In light of the pandemic that we all have been affected by, I would like to speak as an athlete whose lifestyle is inherently intertwined with training at the gym and getting outside to climb. But most importantly, I would like to speak as a member of the Edgeworks community. A community that has practically raised me since I was 11 years old.

Things are difficult. And for most of my life I have dealt with difficult things by going climbing. Over the years, the sport became an outlet like no other, a perfect mindfulness practice, and a place where I could freely and unapologetically express my personality. Edgeworks, alongside the local climbing areas in WA, became my sanction. In the same way Washington’s wild beauty serves many members at Edgeworks, I felt the happiest when out in the forest climbing.

When my school shut down and Edgeworks didn’t, my first response was psych that I now had 30 extra hours in my week to be at the climbing gym. Then Edgeworks closed. And I got ecstatic that I would finally have time to put down some of my sport projects at exit 32 and to finally send my projects in Index. With that excitement for all the climbing I was about to do came the statewide “Stay Home Stay Safe” initiative by Gov. Inslee, an act to keep Washingtonians safe and make sure those who need the resources we do have can receive the care they need.

At first, I was confused and had trouble wrapping my head around the fact that I was going to have to spend the near future at home. Not in the climbing gym, not at the crag, and not with my people. Confused about why my happy place in the forest was suddenly not where I was supposed to be and why it would have any effect on others if I just made my little escape to the rocks. My privilege slapped me across the face. I was worried about my little escape to the forest more than I was worried about people’s family members dying. And how could I not? I was only acting out of instinct and doing what I’ve always done. I just wanted to climb. As climbers, smart Washingtonians, and humans, we have an obligation. An obligation to help our climbing, state, and human communities stay safe. We can’t let our personal desires get in the way of doing what is right.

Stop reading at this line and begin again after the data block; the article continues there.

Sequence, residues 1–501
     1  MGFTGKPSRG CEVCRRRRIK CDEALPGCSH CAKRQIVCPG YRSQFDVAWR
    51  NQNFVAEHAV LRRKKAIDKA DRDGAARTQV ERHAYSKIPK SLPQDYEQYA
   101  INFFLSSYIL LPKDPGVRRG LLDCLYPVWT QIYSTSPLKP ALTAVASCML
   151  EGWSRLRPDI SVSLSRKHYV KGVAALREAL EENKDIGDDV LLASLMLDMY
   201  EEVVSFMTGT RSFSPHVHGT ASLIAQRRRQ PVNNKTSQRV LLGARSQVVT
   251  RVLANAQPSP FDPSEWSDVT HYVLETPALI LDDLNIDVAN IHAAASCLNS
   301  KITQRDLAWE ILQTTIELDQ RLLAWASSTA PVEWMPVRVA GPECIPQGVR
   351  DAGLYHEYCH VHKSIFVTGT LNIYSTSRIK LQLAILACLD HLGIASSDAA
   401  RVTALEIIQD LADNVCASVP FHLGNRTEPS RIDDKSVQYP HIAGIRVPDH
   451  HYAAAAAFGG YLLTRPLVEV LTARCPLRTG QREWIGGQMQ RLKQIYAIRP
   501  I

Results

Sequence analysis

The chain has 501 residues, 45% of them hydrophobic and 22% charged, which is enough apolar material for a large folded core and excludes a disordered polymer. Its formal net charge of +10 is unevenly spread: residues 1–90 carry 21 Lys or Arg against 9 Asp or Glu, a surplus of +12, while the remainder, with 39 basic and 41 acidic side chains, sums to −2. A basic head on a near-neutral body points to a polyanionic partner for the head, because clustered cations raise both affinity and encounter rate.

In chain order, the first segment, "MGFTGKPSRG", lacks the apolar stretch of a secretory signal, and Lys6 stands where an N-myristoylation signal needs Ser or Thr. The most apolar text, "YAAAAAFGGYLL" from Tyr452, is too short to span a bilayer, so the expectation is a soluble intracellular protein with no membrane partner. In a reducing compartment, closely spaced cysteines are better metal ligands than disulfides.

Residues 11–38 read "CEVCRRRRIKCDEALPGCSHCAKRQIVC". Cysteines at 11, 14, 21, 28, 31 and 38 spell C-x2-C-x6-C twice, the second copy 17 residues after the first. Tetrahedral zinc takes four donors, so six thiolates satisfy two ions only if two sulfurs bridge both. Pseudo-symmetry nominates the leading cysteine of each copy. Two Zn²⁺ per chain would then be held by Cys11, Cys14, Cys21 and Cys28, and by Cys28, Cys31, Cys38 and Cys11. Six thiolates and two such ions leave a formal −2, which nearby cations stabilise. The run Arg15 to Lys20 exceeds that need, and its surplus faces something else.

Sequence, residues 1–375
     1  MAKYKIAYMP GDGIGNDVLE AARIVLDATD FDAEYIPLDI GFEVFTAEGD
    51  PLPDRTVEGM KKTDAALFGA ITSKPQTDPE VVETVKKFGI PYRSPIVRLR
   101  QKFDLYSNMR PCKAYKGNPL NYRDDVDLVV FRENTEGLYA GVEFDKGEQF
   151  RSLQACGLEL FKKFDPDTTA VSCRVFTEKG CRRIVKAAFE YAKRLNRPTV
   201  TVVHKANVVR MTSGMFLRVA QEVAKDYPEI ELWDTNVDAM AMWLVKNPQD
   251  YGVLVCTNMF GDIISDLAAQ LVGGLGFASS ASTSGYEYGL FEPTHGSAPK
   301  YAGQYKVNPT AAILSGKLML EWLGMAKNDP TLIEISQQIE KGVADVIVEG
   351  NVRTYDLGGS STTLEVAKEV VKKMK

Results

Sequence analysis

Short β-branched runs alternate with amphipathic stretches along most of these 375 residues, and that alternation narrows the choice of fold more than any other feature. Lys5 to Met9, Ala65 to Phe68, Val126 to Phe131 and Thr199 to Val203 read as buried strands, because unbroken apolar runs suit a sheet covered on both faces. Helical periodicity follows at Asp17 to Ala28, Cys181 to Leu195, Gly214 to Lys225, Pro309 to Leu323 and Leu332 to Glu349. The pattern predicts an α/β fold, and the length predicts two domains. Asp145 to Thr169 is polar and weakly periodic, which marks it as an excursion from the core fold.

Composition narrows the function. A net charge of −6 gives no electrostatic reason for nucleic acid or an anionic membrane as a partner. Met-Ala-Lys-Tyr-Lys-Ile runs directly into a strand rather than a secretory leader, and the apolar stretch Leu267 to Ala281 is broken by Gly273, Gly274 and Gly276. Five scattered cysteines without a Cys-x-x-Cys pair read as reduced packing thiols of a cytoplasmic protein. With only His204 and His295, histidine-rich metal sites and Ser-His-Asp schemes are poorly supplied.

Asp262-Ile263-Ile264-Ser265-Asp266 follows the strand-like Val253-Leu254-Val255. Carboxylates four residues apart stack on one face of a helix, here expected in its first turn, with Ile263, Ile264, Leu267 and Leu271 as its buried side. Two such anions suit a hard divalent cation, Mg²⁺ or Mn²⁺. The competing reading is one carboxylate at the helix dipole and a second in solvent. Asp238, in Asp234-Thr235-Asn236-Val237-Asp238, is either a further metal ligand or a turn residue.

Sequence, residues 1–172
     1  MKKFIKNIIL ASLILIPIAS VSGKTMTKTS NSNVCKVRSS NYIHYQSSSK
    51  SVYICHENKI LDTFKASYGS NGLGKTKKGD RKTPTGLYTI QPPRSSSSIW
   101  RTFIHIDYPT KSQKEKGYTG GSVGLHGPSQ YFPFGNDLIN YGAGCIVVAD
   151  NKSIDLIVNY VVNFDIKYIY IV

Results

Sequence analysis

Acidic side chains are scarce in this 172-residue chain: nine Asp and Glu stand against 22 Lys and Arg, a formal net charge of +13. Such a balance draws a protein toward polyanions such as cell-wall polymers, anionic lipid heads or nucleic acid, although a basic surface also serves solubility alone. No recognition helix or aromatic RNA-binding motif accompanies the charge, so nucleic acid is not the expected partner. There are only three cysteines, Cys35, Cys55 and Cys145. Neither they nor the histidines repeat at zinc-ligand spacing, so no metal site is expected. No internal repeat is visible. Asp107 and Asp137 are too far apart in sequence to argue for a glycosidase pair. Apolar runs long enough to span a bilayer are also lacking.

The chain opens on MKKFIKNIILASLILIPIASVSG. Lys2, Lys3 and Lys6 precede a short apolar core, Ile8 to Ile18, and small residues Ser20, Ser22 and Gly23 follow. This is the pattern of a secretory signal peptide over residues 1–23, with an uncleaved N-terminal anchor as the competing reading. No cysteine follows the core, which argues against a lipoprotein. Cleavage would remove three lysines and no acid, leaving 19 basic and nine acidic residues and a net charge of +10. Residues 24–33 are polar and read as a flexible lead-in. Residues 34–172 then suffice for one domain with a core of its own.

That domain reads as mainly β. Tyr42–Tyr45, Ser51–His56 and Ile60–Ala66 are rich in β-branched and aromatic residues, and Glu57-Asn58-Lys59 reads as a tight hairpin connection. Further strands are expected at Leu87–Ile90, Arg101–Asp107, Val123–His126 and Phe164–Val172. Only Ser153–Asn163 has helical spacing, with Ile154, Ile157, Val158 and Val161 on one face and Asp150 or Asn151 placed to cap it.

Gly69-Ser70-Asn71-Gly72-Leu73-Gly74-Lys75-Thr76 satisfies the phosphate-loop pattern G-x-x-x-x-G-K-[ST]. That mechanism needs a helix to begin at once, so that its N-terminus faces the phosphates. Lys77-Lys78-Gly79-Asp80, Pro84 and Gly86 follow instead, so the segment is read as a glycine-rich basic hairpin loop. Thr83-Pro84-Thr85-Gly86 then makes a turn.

With the closures of areas like Bishop and Moab, I started to think about our own areas here in Washington that need protection. If we flood the crags and boulder field parking areas at first chance once they reopen, we are at risk of access becoming limited, restricted all together and/or worst case, we risk our reputation as climbers. We must think holistically and proactively as to how we are going to continue to help our own community and at risk communities with limited resources. We must be aware of the impact our recreation and sport has on smaller communities and we must take initiative to ensure that we as climbers are helping, not making things harder.

I am committed myself and encourage you as a community to think about how your actions as climbers and outdoor enthusiasts will affect the places you love. Before you launch out of the house at first knowledge that areas are opened again, reflect on your impact and how you will reduce it. This is a defining moment for us as climbers to do a small bit of good in the world. And the world needs as much good as it can get.

With love,
Hal Warren
Team Edgeworks coach and athlete